Do your thumbs creak and crack? Does penning a letter cause you pain and dismay? Is it difficult to get your grip? If these symptoms ring true, you may have carpometacarpal arthritis a.k.a. arthritis of the thumb.
What is thumb arthritis?
Carpometacarpal arthritis is the most common form of osteoarthritis to impact the hand. The mere process of aging causes arthritis of all kinds, including thumb arthritis. As we age, our joint cartilage breaks down, causing the bone beneath the cartilage to do the same. In the case of thumb arthritis, it's the basal joint's cartilage that breaks down. You can find the basal joint at the wrist and fleshy area below the thumb. It's an essential joint for a myriad of reasons because it moves your thumb in so many ways. When the joint cartilage in this area loses integrity, you become limited in ways you might not even imagine until you're actually impacted by this loss of movement. The bone rubs against bone, leading to further deterioration.
Risk factors for thumb arthritis
- Texting incessantly on your cell phone is a repetitive motion that can put you at risk for thumb arthritis.
- If you suffer from arthritis in other parts of your body—the knees, the hips, the elbows, etc.—you may be more prone to having arthritis of the thumb.
- Women are more likely to have thumb arthritis than men—especially women who have flexible thumb ligaments.
- You're of a certain age. By the time you reach "senior citizen" status, arthritis of all kinds abounds.
Thumb arthritis symptoms
As you get older, you may find your thumbs simply don't move the way they used to. Perhaps you've lost some of your grip strength. Maybe you simply cannot move your thumbs as well as you used to. This decreased range of thumb motion is a telltale sign of thumb arthritis. So is pain and/or swelling in the thumb area. Any kind of inflammation points to a possible arthritic condition.
Other signs that you've got some issues that need attending are:
- You find it difficult to snap your fingers.
- There's a bony structure at the base of your thumb.
- You have a difficult time opening jars.
- You simply cannot do the tasks associated with your thumb that you used to do with effortless ease.
Thumb arthritis diagnosis
It's time to come in for a consultation with Dr. Eubanks if you suspect you have thumb arthritis. If you're not sure whether you should schedule an appointment, some of the telltale signs that you should are:
- You've been experiencing pain in the area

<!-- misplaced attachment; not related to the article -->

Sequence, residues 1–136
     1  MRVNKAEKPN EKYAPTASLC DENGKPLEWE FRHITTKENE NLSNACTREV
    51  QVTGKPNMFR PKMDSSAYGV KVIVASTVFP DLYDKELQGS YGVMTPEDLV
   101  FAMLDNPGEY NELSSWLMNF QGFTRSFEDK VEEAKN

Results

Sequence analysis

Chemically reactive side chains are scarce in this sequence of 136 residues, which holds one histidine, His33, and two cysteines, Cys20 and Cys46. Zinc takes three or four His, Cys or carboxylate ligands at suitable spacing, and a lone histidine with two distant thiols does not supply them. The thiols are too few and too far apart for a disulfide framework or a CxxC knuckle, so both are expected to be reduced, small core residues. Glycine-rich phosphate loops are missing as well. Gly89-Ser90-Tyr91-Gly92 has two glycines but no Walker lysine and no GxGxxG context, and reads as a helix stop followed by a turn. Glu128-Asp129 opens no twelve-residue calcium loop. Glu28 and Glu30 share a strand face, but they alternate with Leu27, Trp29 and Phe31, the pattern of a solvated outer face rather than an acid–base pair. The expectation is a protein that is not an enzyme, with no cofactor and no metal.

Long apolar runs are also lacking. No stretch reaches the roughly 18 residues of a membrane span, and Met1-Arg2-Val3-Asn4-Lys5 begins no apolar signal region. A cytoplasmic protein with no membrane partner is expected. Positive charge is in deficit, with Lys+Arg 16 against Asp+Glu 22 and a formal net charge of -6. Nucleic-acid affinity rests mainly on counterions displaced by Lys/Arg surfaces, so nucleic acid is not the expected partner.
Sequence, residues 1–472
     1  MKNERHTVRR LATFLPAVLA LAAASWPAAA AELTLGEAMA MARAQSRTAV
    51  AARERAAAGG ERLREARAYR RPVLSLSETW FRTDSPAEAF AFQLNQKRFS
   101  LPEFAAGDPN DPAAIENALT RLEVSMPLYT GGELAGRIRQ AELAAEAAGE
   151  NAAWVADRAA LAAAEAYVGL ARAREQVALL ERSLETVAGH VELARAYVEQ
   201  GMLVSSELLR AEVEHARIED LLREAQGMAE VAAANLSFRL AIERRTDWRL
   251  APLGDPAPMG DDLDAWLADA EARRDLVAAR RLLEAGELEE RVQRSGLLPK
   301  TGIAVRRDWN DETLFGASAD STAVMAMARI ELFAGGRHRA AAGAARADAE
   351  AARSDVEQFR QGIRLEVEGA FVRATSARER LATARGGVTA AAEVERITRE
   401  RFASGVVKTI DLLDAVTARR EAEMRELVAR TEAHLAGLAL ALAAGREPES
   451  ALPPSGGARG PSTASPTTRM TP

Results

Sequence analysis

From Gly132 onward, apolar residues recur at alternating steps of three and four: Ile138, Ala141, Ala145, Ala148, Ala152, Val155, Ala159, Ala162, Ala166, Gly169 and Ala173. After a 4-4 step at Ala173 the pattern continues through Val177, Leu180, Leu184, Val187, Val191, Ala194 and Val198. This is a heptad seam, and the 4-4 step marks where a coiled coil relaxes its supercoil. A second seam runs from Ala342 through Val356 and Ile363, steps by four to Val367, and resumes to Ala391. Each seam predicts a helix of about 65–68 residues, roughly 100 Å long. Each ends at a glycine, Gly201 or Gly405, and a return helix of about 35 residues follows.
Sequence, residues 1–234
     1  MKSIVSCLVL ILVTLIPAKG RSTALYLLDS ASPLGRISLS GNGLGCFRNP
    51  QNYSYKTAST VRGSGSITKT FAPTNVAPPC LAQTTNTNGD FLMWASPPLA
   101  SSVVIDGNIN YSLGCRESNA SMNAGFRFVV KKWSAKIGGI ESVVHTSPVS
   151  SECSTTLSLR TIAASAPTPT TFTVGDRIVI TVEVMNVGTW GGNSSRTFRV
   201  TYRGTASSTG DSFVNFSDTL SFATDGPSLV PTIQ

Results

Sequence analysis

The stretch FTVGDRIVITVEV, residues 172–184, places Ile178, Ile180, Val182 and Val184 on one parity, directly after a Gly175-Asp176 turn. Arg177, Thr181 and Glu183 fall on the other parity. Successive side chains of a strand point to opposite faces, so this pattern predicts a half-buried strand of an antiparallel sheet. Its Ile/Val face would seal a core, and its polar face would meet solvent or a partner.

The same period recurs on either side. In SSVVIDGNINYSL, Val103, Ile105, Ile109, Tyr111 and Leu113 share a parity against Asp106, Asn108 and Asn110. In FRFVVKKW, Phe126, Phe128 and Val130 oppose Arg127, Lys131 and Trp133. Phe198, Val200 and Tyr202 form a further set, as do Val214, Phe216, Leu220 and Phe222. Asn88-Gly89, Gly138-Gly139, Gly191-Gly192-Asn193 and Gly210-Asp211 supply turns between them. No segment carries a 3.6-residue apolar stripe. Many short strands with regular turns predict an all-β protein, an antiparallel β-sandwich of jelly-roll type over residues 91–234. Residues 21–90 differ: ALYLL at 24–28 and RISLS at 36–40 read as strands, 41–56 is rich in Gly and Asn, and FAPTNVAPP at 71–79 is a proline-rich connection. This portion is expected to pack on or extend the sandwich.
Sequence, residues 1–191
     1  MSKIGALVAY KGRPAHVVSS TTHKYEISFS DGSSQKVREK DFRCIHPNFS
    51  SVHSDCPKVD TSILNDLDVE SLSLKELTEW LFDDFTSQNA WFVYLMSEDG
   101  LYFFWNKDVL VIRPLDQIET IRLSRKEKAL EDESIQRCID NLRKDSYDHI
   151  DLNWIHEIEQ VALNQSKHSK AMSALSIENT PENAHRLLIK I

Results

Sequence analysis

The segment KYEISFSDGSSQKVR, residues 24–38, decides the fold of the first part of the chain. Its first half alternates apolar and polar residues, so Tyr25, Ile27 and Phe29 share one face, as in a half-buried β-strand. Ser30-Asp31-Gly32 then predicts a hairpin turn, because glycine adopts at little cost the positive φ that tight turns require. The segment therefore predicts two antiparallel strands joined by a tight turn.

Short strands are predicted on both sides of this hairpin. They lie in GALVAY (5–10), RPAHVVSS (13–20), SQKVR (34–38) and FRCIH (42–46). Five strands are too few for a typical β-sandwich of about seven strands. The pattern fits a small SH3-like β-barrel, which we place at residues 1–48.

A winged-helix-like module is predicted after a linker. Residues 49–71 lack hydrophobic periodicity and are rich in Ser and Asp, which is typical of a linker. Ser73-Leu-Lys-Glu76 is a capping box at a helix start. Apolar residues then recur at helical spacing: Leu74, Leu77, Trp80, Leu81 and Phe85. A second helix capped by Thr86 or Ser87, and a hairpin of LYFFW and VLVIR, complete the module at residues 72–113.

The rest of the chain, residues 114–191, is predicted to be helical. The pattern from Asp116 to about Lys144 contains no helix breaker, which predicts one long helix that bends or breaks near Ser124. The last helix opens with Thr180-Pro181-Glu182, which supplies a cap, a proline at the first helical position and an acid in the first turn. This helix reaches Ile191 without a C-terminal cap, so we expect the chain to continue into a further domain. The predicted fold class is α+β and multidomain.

- You have swelling at the base of your thumb.
- You've been noticing stiffness at the base of the thumb.
Treatment for thumb arthritis
One of the best things you can do for any part of your body is to move it. This applies to your thumbs as well! A low-cost/no-cost method of treatment you can do at home is a set of thumb exercises known to increase range of movement and prevent further deterioration of movement. Certain ways we move our hands—the repetitive ones of our modern day that have gotten us in this arthritis debacle to begin with—are detrimental to thumb arthritis. Other ones however, are greatly beneficial.
Because thumb arthritis, and all kinds of arthritis for that matter, manifest in different ways, treatment varies from one person to the next. Some of the less invasive forms of treatment include:
- Ice therapy - Icing the joint can help decrease pain, as well as inflammation.
- Splinting - Sometimes wearing a splint, especially at night, can be of benefit because it allows the thumb joint to take a much needed rest. Many people report a decrease in arthritic pain due to the relaxation of the joint and also the fact that the splint helps hold the thumb in its correct position.
- Medication - Over the counter meds for thumb arthritis are: NSAIDS (Advil, ibuprofen, Advil) or acetaminophen (Tylenol), while prescription meds may include COX-2 inhibitors and pain medication.
Thumb exercises for prevention and treatment
Thumb exercises can be an effective form of treatment and also prevention. Not only do these exercises work to improve your thumb's range of motion, they also help decrease the severity of arthritic symptoms. To get started with a few exercises, here's a sample of some effective hand exercises you can do at home while watching TV, listening to music, or taking a walk.
- Thumb stretch - With the thumb stretch exercise, all you need to do is practice touching the tip of your thumb to the tip of your pinky. This might be difficult, but the more you stretch this area, the better off you'll be.
- Similar to the thumb stretch, do the exact same thing with all your fingers. Touch the thumb to the pointer, to the middle finger, to the ring finger, to the pinky, and repeat.
- IP stretch - Hold the bottom half of the thumb with your opposite hand. Then, practice bending the upper part of your thumb, while keeping that lower part stable. Do several rounds.
Surgical treatments for thumb arthritis
Once these treatment options are explored, more complex treatments may be necessary. The four primary types of surgery for thumb arthritis are:
- Trapeziectomy - A trapeziectomy removes one of the wrist bones.
- Osteotomy - During an osteotomy, Dr. Eubanks will stabilize the thumb by aligning the bones and trimming off any unnecessary growths.
If you suspect it's time for a consultation with Dr. Eubanks, don't delay. As for any malady, the best treatment is early treatment!
Our Surgeon Specializing in Thumb Arthritis
- Ryan Eubanks, DO
- Hand, Plastic & Reconstructive Surgeon
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